Monday, May 16, 2011

New Toy

Got a new toy on the way:

This is a Bianchi Grizzly, ca. 1988/1987.  The Grizz is a classic fully rigid MTB and was at the top of Bianchi's line.  There were a couple of variants of the Grizz (Super G, Team G) that were a little nicer than the base version, but that aside, this was about as good as it got during the golden era of rigid mountain bikes.

This golden era ran from the late 80's into the early 90's.  Prior to this, the mountain bike was just getting sorted out, for instance, angles tended to be slacker.  Following this era, front (then rear) suspension started appearing and the brightest minds in the industry started working on this, relegating fully rigid bikes to the midrange.  Plus, lugs started going out of fashion as well - this bike is fully lugged, even the fork has a vestige of a crown, you can see little in this picture:

The celeste handlebars are a nicely excessive touch.  The Deore derailleur is classic silver and surprisingly pristine as are the biopace rings.  Silver rims are nicely retro and double rear eyelets will fit with my plan for this as a city bike:

Japan in general has tons of bikes, but even by Japanese standards, Esaka, our little corner of Osaka, is pretty incredible on the bike front.  Here is a very typical street scene in our neighborhood:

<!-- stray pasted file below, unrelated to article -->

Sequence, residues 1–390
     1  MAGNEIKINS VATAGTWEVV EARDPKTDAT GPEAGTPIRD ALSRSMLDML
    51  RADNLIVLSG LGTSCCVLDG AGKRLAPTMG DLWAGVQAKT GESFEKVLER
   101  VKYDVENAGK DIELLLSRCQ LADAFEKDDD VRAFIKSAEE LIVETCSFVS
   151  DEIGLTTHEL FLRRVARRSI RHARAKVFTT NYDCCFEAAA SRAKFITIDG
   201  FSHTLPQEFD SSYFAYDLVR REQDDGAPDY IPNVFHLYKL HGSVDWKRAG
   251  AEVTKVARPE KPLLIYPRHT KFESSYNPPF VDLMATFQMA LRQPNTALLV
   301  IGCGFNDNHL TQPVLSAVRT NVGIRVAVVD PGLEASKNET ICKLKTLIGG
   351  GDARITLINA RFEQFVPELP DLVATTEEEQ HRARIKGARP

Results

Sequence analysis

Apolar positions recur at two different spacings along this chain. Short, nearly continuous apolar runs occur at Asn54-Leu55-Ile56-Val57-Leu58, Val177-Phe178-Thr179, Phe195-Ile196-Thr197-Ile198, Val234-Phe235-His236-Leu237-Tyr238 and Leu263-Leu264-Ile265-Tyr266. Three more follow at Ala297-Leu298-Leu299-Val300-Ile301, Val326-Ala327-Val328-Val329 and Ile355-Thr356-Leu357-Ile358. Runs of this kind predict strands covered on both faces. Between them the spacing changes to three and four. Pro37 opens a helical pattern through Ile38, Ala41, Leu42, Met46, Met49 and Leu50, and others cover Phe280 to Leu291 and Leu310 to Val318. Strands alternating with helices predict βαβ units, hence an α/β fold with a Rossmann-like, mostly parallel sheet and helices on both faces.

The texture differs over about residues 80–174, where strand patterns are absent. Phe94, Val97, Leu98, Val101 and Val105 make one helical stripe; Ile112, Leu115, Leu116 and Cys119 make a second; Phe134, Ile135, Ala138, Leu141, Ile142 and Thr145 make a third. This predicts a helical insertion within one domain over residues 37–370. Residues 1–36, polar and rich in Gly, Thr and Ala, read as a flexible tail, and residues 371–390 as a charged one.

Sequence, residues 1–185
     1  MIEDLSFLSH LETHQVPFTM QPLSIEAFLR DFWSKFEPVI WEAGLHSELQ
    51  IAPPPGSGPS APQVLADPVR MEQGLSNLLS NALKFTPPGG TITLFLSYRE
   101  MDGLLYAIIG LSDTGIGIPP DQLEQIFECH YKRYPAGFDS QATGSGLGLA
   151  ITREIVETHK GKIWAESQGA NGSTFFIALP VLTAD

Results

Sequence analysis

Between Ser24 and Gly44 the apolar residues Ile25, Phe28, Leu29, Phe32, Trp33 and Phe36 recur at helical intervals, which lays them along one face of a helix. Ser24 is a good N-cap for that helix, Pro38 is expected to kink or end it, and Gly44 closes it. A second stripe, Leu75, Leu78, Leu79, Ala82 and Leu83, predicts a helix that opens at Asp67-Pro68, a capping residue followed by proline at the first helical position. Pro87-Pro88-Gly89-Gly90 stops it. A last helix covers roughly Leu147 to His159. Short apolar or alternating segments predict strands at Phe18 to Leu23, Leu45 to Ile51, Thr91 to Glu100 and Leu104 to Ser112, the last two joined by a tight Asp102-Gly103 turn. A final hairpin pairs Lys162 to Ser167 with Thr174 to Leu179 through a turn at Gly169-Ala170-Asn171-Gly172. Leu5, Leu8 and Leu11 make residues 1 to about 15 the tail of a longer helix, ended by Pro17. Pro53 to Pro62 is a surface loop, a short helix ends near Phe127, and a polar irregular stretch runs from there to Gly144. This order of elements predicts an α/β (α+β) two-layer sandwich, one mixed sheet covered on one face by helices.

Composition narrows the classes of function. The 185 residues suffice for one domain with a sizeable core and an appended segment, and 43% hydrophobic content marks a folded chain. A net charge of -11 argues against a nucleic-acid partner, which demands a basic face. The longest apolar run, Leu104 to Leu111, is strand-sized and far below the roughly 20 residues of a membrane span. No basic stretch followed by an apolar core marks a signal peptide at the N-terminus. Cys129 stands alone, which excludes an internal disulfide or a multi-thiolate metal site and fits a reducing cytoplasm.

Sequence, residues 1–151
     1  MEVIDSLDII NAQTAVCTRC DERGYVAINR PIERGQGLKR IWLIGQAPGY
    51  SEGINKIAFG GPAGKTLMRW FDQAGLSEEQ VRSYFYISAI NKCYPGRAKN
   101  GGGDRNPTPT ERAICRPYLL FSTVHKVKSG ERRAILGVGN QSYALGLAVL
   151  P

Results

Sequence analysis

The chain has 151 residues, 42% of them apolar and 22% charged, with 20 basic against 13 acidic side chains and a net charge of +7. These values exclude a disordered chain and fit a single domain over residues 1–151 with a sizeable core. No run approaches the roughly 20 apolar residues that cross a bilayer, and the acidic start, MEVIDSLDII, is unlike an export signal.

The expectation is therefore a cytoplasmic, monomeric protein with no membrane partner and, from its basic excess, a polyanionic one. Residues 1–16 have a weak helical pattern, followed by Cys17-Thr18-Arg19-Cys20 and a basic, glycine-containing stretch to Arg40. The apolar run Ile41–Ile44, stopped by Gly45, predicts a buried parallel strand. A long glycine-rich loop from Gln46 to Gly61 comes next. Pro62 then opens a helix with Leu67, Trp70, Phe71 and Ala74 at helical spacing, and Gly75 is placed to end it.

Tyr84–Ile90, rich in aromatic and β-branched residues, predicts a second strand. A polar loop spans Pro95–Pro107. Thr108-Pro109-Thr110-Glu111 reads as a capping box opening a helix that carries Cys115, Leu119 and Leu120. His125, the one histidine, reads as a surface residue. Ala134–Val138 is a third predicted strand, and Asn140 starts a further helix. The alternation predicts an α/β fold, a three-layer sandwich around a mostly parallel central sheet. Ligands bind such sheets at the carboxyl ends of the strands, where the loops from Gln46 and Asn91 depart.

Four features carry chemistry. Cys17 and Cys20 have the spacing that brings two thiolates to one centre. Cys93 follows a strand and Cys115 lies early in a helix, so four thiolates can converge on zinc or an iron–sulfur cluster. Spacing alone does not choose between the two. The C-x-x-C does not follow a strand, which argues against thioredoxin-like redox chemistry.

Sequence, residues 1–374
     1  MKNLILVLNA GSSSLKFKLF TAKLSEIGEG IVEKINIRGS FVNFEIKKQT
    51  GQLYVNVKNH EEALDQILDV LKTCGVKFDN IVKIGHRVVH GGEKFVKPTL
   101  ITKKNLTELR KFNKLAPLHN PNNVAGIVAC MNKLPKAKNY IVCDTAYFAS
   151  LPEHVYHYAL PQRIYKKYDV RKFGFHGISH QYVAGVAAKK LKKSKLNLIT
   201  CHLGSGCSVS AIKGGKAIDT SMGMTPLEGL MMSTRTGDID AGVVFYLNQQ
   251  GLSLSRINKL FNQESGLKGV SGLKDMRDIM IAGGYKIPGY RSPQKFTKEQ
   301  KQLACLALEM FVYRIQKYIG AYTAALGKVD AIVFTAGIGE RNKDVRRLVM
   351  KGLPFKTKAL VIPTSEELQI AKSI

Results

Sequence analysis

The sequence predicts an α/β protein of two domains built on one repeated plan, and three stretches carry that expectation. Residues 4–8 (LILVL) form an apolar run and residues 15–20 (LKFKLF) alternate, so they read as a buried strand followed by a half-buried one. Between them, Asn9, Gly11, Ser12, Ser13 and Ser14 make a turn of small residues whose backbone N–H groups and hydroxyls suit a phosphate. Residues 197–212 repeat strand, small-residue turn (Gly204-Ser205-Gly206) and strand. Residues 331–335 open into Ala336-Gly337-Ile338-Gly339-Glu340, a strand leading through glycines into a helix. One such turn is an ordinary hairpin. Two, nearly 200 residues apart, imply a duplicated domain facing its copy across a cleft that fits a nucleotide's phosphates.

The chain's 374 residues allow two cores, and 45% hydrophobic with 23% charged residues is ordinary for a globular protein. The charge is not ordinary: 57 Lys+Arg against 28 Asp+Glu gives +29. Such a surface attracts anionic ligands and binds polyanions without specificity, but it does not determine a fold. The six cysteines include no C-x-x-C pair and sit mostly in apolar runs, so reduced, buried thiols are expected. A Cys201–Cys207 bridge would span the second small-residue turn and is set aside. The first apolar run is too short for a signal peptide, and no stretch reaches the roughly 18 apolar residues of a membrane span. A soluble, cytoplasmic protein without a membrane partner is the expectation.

Every nook and cranny is stuffed w/bicycles:

Even the seemingly innocuous park across the road from our place, pictured from our seven floor verandah, covers the Esaka Park Bicycle Catacombs:

 Here are a couple shots of the entrance to the catacombs:

Here is the north chamber:

Another shot of the north chamber that hints at the enormity of these catacombs:

Then there is the south chamber of the Esaka Park Bicycle Catacombs:

Keep in mind that this is under the park!

So the plan is to get the Grizz decked out as a city bike and join the fun here in Esaka.  A road bike really would be way overkill - most of the bike traffic moves along at about 10 mph:

As we can see, spandex/drop bars are not the way to go in the Esaka bike culture:

So my plan for the Grizz is a utilitarian city bike.  Here is what I'm thinking:

Stage 1:  The existing saddle looks spent and the aftermarket seatpost is something I'd like to replace.  For the saddle, I'm thinking a nice white Selle San Marcos Rolls:

Of course, the only thing that goes better with Bianchi celeste than white is more celeste, so I'll be pleased if I can track down a good condition old Bianchi saddle like this, although I'm not going to hold my breath:

Notice that I'm not considering a Brooks for this bike.  This is for two reasons.  The first is that the value of a Brooks really comes into play for longer rides, where they stay comfy all day long.  The second is that this Bianchi is going to be an all-weather utility bike.  And so while a Brooks can serve well in that environment, it takes some special effort for waterproofing, remembering a saddle cover, and so forth.  However, for this bike, I'm going for maximal ease of use and as wonderful as leather saddles are, they do require some overhead.

The saddle and seatpost are really the only mods I feel I must do just to get this minimally serviceable.